Encounters with US immigration officials are, well, encounters, especially for us South Asians between 30 and 40. We are inevitably picked up for special screening and body checks. Call it racial profiling or coincidence, the experience is never pleasing and I always avoid travelling to the US for this reason.
On my way to the Caribbean to cover the 2007 cricket World Cup, I was to give the Earl S Johnson memorial lecture at the University of Chicago. The date of the seminar overlapped with India’s first game against Bangladesh, and I planned to be in Jamaica in time for India’s third game—a match against Sri Lanka, and as it turned out, India’s last. Just a couple of days before I reached Chicago, news of the mysterious death of Bob Woolmer had shocked the cricket world. All kinds of conspiracy theories were doing the rounds.
The inevitable first question at O’Hare airport immigration: how long was I going to be in Chicago? A week, I said, and got a curious glance from the man in charge. He looked surprised that I’d be leaving so soon.
“Where will you go from here?” he asked.
“Jamaica,” I said. I had no idea what this answer would lead to.
“Do you know about the death of the Pakistan cricket coach? Do you know who did it? What really happened?” I was beginning to get annoyed with this line of questioning, but just said ‘no’.
The officer, however, refused to give up. “I am sure you have some idea what happened. After all, the drug mafia and betting syndicates are really active in your part of the world.”
I snapped. I asked him what business he had asking me these questions and what he was trying to insinuate. I told him I had taught at University of Chicago for four years and this was my 20th visit to the US in the past five years. The man relented but not before a final snide remark, “Who knows what you’ll be up to in Jamaica?”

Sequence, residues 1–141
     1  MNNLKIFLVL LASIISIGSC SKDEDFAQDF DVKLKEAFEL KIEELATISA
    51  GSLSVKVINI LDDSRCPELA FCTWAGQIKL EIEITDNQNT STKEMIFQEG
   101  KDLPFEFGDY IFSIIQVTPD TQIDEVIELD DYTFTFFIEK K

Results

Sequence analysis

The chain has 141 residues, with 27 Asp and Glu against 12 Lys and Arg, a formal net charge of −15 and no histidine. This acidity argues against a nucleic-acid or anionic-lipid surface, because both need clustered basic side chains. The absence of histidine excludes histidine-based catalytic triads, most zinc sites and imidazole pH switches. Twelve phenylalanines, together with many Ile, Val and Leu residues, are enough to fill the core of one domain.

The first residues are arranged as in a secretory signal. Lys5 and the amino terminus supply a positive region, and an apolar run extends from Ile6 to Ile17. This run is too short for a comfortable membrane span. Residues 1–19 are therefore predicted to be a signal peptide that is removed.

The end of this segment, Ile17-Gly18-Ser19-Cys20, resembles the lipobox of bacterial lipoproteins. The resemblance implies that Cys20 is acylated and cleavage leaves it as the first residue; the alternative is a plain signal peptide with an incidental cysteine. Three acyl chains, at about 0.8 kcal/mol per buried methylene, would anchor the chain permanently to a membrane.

This was how my Caribbean adventure started in 2007. And it was downhill all the way. I reached the West Indies hoping India will beat Sri Lanka and make it to the next round. For only then would the trip have any meaning. My writing and television assignments hinged on India progressing to the second round and an early Indian exit would mean I would be all dressed with nowhere to go. When India did crash out, the first thought was to cancel the rest of the trip. But the hotel booking had been made non-refundable overnight seeing the deluge of cancellations from all across the world. The only highlight was Brian Lara’s last press conference with daughter Sydney in tow and his rather unexpected declaration of retirement. It had given the tournament a brief lease of life back home and eventually all I did was laze on the beach, listen to some excellent local music, eat at all the restaurants in the beautiful Lawrence Gap and visit Oistins fish market over the weekend. It was a bizarre World Cup.
If the World Cup 2007 experience was the height of inaction, Monkeygate 2008 was the other extreme. Every minute was intense, a journalist’s delight. Never have I in my career covered an Indian cricket team’s press conference at 5 am. I did so in Sydney in January 2008. It was a sleepless night for all touring Indian journalists. The scheduled hearing of charges—that he had made racist remarks against Andrew Symonds—against Harbhajan Singh involved Sachin Tendulkar, Harbhajan himself, Anil Kumble, India team’s media manager Dr MV Sridhar and match referee Mike Procter. It went on forever—till 1.30 am, for the record, and by the time it got over, we were all famished. There are no restaurants in the vicinity of the Sydney Cricket Ground (SCG), and all we had by way of nourishment was a packet of chips, which was being passed around between 35 or so Indian journalists. Each of us managed a solitary chip for dinner.